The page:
After 20 minutes we pulled a thin decoction.  Now, what the heck is a thin decoction?  It's just wort.  We pulled 4 gallons of wort from the mash and brought it to a boil.  When it boiled we poured it back into the main mash for the mash out.  The temperature rose to 170 F.   We rested for 10 minutes and then collected 11 gallons of wort for the boil.  You can use this techniqe for any mash out.

Our target wort gravity was 1.034.  We were at 1.042.   So we overshot again, but we were with in a reasonable tolerance.  The proteins kept building during the boil.  Even with Fermcap S we almost had boil overs.   I know that decoction completely unbundles the proteins, I'm sure this has something to do with our results.  Hallertaurer is low this year 2.5% alpha acid. So we added  .6 oz of warrior at 60 minutes, just to get our bittering where we wanted it. We added 1 oz of Hallertauer at 60, .6 oz of Warrior at 60, and 1.5 oz of Hallertauer at 5 m.  The beer was chilled to ground water temps of 57 F with our Jaded Hydra Chiller.  We let the chiller run for 10 minutes to get to 57 F.  next time we'll set up a final chiller with a sump pump and the old immersion chillers.  Just get a hydra.  Don't whine about the cost, it's the best money you will spend.  We can chill 10 gallons from boiling to pitch temps in about 6 minutes.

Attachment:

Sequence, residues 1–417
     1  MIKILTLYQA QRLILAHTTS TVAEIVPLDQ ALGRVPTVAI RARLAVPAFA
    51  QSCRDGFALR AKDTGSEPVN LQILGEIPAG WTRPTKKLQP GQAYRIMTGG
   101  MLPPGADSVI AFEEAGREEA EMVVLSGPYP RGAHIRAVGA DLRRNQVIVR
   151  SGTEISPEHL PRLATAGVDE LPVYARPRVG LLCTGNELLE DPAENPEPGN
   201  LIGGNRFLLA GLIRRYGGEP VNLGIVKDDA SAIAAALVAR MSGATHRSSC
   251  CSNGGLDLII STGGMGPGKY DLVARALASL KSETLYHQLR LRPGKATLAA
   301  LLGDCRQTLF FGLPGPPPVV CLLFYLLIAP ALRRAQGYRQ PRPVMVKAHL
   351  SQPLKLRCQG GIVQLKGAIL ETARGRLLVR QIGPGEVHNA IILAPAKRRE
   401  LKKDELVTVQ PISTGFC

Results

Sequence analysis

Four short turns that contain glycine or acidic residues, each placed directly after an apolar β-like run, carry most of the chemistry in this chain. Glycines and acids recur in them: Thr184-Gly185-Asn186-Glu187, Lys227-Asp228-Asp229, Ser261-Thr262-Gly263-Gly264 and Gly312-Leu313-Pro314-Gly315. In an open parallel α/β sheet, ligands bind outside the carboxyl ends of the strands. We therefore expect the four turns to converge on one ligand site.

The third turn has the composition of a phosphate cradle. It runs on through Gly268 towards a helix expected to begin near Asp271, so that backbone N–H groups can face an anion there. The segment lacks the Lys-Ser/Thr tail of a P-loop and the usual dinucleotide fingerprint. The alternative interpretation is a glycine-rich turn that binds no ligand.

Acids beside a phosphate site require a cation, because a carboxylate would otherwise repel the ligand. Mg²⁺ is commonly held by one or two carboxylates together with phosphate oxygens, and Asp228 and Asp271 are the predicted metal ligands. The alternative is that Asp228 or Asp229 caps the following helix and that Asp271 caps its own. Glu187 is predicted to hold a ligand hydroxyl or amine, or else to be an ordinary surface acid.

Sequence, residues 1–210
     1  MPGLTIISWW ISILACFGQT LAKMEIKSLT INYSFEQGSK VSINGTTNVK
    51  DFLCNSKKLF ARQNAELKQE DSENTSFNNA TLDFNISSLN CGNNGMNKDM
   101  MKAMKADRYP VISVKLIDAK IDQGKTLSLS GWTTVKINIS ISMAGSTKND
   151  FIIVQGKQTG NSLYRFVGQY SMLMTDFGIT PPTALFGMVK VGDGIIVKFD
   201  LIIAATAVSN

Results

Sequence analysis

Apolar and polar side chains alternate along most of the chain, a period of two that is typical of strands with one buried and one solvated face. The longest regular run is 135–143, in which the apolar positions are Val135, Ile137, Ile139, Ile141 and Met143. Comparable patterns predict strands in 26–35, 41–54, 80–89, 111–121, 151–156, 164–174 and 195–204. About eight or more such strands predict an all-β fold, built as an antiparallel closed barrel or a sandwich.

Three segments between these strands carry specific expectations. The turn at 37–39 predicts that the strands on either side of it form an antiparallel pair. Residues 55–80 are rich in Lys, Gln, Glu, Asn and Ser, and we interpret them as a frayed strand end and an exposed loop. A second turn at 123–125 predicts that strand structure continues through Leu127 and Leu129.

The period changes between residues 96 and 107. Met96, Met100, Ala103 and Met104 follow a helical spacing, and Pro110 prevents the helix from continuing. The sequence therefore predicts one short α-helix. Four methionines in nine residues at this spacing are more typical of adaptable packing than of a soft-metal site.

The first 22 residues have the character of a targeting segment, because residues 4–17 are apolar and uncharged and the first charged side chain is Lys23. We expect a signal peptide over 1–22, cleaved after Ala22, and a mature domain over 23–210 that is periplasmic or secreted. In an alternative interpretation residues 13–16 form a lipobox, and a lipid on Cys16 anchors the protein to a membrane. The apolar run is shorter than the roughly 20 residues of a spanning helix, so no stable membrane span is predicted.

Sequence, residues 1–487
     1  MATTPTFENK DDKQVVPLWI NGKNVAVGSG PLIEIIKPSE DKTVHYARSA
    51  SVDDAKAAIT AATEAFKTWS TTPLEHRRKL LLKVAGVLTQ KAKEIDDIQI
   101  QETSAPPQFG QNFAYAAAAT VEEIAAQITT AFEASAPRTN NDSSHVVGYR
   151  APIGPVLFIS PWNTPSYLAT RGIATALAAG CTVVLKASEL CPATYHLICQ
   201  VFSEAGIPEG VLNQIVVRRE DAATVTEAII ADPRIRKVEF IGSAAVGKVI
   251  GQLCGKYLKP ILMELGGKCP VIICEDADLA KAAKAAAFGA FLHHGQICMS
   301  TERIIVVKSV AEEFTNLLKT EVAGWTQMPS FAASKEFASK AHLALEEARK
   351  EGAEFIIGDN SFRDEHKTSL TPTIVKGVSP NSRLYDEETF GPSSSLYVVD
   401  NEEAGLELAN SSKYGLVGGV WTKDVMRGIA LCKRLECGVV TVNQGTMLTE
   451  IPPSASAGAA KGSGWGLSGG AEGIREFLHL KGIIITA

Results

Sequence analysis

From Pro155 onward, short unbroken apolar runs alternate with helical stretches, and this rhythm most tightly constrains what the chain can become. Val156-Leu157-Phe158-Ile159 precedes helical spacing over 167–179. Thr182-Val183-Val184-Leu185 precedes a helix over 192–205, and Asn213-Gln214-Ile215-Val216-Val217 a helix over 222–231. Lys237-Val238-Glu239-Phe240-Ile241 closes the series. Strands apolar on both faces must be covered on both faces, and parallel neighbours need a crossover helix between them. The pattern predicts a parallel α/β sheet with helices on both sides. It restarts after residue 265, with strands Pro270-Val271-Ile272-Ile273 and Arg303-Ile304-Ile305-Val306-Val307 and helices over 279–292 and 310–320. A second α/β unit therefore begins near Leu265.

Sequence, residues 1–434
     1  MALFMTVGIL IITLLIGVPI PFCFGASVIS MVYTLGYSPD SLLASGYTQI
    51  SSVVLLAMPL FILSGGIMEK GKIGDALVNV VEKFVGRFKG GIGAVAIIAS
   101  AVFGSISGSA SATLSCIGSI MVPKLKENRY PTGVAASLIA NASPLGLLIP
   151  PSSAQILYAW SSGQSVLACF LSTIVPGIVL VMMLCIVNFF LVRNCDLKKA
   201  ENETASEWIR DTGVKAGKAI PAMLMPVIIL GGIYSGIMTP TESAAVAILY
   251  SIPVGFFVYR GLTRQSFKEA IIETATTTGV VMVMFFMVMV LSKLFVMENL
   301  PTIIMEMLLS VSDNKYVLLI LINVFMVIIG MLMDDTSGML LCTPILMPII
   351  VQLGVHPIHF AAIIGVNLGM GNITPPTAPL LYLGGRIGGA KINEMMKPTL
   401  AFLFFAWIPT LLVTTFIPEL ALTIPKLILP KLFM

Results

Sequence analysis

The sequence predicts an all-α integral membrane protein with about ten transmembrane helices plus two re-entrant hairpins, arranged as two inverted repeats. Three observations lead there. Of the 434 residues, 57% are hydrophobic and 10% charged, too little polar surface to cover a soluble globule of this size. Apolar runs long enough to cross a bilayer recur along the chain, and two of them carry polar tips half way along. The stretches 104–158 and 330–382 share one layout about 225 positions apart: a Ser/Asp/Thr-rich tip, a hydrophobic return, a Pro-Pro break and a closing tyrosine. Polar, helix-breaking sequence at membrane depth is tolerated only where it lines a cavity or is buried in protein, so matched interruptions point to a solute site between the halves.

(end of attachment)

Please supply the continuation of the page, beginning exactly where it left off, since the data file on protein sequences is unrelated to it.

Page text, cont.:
Rigorous Boil.  That was Jake's nickname in college

The boil was too rigorous we ended up collecting only 9 gallons of wort, at 1.068 OG.  4.5 gallons in two plastic fermentation buckets.  The simple solution was to add a gallon of spring water to each fermenter.  The beers were placed into the fermentation chamber which was set to 52 F.   After work tonight I'll be swinging by aerating, and pitching the yeast.   We are pitching 34/70 into one of these, and S23 into the other.    That way we can compare the two Fermentis yeasts and decide which one we prefer for this beer.

Overall this was a really fun and fantastic brew day.  I'll admit, I love decoction.  It is a blast.   And it doesn't have to be intimidating.   And it isn't just for german brews.  You can, and we have, add a decoction to your favorite ipa recipe and really create a great malt backbone.  Now, I know a lot of you will argue that decoction is not necessary.  And to you I say... you are correct.   You can make really fine beer with out decoction.   I know a lot of you will argue that decoction makes no difference, and to you I will say... you are just wrong.   It makes a tremendous difference in color, mouthfeel, and in taste.    So I encourage all of you to give it a try.  You wont be disappointed.

We have some exciting brews coming up.   We have a full team triple decoction Pilsner Urquel clone coming up.   We will be making our amazing tripel, because we are out of it and we all want more.  But we will be making it in a 10 gallon batch.   Then we will be making the fall beers.   A festbier (easy decoction), a BSDA, and for Beth a pumpkin beer.  Then our focus shifts to winter beers.   So by mid to late summer we will be making a fall Saison, and some great big Stouts for winter consumption. But don't fret sports fans, Mark and I will keep making some weird small batch stuff, wine, and sours.  So keep checking in.

No comments:

Post a Comment